One of the earliest literary pieces I read and that left a big impression on me was 'Lady Precious Stream', written by SI Hsing.
To cut a long play short – it was a Chinese play written in English circa 1933 – it’s about the adventures of a restless warrior who, in the end, after all his travels, returns home and realises that everything he’d ever looked for was right at home, in his case, his dutiful wife.
I think I was about 13 when I read it, and I identified more with Xue, the restless warrior, than the dutiful wife. He clearly had all the fun. She just stayed home.
The story came back to me as I was listening to Singapore Tourism Board’s CEO Keith Tan announcing its $45m domestic tourism campaign and how it would run over nine months, and I think it was then that the realisation hit me that there would be no more travelling abroad for at least that period.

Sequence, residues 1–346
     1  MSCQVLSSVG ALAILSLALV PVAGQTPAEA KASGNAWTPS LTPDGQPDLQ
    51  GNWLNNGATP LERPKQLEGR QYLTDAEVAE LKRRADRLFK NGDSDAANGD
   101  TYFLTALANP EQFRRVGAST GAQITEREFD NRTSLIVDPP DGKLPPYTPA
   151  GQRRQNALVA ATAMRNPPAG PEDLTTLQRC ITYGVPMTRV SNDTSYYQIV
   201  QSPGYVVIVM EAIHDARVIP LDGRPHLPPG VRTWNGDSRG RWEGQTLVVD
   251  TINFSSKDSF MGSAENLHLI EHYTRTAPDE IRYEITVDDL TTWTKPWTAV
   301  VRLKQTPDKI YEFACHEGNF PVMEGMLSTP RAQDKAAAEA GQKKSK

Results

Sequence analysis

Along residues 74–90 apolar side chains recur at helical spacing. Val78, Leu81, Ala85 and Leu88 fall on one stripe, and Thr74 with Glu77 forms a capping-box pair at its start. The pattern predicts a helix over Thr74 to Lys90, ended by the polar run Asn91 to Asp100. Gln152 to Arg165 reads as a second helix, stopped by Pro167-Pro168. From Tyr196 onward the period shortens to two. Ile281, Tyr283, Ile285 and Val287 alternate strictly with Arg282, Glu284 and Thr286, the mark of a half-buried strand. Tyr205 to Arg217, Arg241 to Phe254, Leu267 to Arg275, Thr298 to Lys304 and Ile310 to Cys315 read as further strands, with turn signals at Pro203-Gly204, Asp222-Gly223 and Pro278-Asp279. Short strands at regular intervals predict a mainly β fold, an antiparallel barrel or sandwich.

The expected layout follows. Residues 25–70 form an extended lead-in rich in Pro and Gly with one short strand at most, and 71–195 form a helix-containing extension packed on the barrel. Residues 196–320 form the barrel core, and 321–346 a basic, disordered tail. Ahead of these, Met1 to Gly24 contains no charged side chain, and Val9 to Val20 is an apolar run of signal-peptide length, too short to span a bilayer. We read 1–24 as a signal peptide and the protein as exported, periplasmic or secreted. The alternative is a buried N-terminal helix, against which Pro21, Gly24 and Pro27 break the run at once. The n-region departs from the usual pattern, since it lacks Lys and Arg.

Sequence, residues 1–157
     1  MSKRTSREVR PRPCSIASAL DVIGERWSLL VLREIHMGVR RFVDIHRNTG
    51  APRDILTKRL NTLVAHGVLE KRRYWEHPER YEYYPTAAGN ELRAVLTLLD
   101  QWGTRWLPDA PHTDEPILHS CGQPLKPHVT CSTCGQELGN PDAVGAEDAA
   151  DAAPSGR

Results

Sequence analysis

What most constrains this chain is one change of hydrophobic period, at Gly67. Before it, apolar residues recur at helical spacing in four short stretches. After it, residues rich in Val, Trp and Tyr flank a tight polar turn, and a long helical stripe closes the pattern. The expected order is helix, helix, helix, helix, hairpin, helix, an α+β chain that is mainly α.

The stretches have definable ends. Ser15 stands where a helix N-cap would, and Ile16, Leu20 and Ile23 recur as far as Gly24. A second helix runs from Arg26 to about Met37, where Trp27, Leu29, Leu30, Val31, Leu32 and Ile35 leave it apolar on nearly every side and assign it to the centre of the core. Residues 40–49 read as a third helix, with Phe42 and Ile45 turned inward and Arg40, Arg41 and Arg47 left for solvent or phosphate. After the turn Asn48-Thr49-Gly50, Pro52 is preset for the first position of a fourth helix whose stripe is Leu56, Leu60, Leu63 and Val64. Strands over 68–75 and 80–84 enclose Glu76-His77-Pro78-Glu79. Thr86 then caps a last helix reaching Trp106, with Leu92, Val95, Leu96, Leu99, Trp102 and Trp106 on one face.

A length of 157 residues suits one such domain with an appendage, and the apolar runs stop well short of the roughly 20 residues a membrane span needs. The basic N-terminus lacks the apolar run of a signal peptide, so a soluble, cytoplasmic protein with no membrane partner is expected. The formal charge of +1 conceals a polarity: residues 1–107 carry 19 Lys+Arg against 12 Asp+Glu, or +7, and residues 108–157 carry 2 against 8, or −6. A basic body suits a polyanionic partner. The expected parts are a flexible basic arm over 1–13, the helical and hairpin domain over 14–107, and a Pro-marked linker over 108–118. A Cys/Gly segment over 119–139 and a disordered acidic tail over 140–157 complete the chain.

Welcome to the final stage of grief, acceptance. I’ve arrived.
The message from Tuesday’s media briefing and Wednesday’s Tourism Recovery Dialogue was loud and clear – borders won’t be open anytime soon. And even if borders were open, who would come? Not many.
The STB did a Brand Health survey in April, which showed that only 24 percent of travellers across 14 key markets felt confident to travel internationally and only 33 percent of them felt confident to visit Singapore. I’m sure the numbers will be even lower now.
There is some hope in those Safe Travel Corridors but there are also huge hurdles to surmount there. Right now, only China is in place and Malaysia will begin from August 10 and Minister of Trade Chan Chun Sing said talks are ongoing with countries like South Korea, Australia, Japan, New Zealand and some European countries to agree on common protocols to allow the safe resumption of travel.
The grief is not for me personally but for the entire tourism industry in Singapore and all those who work in it. We are warriors-in-arms fighting the toughest battle we’ve ever encountered, with unknown terrain and an invisible enemy.
Read the full article here